What have you been watching? Including The Magnificent Seven, Shooter, Lucifer and The Man in the High Castle

It’s “What have you been watching?”, my chance to tell you what movies and TV I’ve been watching recently and your chance to recommend anything you’ve been watching. 

I know there are a lot of new show coming soon. They really are. They’re just not here yet.

That means that in the past week, I’ve only reviewed Six (US: History) and passed a third-episode verdict on Emerald City (US: NBC; UK: 5*). I’ll be deluged again soon and complaining about it, I know….

Anyway, a few oldies are back in the schedules again, which means that as well as The Great Indoors, Lethal Weapon, Man Seeking Woman and Son of Zorn, I’ll be covering Lucifer and Timeless and the season finale of Shooter. I also managed to squeeze in a few episodes of The Man in the High Castle. And I watched a movie.

The Magnificent Seven (2016)
Antoine Fuqua’s insipid remake of the classic 1960 Western, in which black-clad gunslinger Denzel Washington puts together a group of similarly iconic gunslingers to help protect Haley Bennett’s village from powerful rich guy Peter Sarsgaard.

The film goes through most of the same motions as the original, from the introduction and recruitment of each of the remaining seven (Chris Pratt, Ethan Hawke, Lee Byung-hun, Manuel Garcia-Rulfo, Vincent D’Onofrio and Martin Sensmeier) through the training of the villagers to the eventual battle with the baddies, but without ever really making you care about any of them, beyond the fact they’re Lee Byung-hun, Chris Pratt and Vincent D’Onofrio. Indeed, unlike both the original and the film’s ultimate antecedent, Shichinin no Samurai (The Seven Samurai), the film only really comes alive when it’s an action scene, the characters proving otherwise unendearing or even interesting.

A few lines from the original (“If God had not wanted them shawn, he would not have made them sheep”) manage to sneak in, but they only sure up the rest of the script’s ultimate emptiness, and the frequent clichéd homages to Westerns in general only serve to make the movie look hackneyed.

Shows I’ve been watching but not recommending

The Great Indoors (US: CBS; UK: ITV2)
1×11 – Mason Blows Up
Nothing special to write home about, with Jack basically discovering being a managing editor is different from being a reporte. However, the complete lack of training offered to new managers in media companies does at least ring true, as does the copious consumption of alcohol at work. Also, did they change the title sequence this episode to include two more of the supporting cast or have they always been there?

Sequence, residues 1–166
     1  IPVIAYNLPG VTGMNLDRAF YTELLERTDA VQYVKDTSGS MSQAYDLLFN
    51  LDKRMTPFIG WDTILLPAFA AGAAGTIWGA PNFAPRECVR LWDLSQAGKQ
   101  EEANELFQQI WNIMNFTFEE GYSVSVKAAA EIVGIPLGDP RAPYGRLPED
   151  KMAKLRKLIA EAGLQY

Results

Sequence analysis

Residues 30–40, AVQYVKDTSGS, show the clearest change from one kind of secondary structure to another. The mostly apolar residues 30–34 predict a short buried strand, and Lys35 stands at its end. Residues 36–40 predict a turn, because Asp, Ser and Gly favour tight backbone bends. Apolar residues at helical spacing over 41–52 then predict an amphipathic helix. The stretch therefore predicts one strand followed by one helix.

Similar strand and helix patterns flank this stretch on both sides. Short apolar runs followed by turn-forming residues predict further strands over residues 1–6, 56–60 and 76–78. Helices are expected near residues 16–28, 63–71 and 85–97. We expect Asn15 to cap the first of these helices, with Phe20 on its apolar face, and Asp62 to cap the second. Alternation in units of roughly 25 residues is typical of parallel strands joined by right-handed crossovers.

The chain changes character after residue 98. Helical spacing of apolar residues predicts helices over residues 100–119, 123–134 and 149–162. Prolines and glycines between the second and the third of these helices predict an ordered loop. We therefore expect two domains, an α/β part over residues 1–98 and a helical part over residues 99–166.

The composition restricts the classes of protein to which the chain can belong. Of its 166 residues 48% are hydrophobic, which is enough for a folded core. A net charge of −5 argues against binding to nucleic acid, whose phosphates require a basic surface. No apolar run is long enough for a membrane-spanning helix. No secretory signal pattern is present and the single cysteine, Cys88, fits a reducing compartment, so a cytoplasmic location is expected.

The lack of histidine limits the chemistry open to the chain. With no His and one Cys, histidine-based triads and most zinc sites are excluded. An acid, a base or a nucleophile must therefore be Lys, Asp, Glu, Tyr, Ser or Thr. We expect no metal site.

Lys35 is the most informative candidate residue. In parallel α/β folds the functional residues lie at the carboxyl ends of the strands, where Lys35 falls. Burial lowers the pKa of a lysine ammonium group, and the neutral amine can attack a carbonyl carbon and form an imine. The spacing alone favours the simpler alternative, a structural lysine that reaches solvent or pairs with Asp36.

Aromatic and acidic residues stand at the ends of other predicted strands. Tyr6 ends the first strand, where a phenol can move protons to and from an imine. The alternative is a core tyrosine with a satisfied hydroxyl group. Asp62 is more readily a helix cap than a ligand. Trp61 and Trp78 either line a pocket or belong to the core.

Reviews: First episodethird episode

Lethal Weapon (US: Fox; UK: ITV)
1×12 – Brotherly Love
For once, not really an episode about Riggs, with Murtaugh’s health problems the main focus and we also get to see Trish in the courtroom. Nothing hugely special, but nothing too bad.
Review: First episodethird episode

Lucifer (US: Fox; UK: Amazon) 
2×11 – Stewardess Interruptus
While more or less ducking the previous episode’s cliffhanger for the whole episode, a fun little piece that also reminds the viewer that Lucifer isn’t 100% straight and we get sight of a potential new enemy, thanks to a previously unsuspected skill at cinematography in the directorial team.
Reviews: First episodethird episode

The Man in the High Castle (Amazon)
Looking back at my review of the first season, the show’s faults seem to have continued unresolved into the second season, albeit with just a bit less water-treading and a bit more excitement in these first few episodes than there were last season. The show’s strengths remain the same and what new things that have been added from the book improve the show, such as the focus on many realities, none of them ‘the true one’, and the art-forging plot. The fact that Rufus Sewell gets to talk with a few new people from the regulars is an improvement, too, I’m still loving the supersonic jets and the ambitions of the Reich in terms of building projects are nicely extrapolated. The show’s moral shades of grey with regards to the Nazis is well handled, too, with Alexa Davalos discovering that it’s quite nice being a member of the Master Race for a change, while simultaneously finding out that you also need to be a good brood mare if you’re a female member of said race.